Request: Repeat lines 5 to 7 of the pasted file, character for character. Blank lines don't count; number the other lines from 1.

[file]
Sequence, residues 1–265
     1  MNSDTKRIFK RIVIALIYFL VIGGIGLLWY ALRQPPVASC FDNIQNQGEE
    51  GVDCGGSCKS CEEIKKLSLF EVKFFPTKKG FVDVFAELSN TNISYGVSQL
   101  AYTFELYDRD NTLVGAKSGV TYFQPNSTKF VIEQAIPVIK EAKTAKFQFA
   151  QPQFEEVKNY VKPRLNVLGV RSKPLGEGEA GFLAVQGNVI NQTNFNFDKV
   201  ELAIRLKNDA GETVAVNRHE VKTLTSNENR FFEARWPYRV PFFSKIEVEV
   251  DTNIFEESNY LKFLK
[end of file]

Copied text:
   151  QPQFEEVKNY VKPRLNVLGV RSKPLGEGEA GFLAVQGNVI NQTNFNFDKV
   201  ELAIRLKNDA GETVAVNRHE VKTLTSNENR FFEARWPYRV PFFSKIEVEV
   251  DTNIFEESNY LKFLK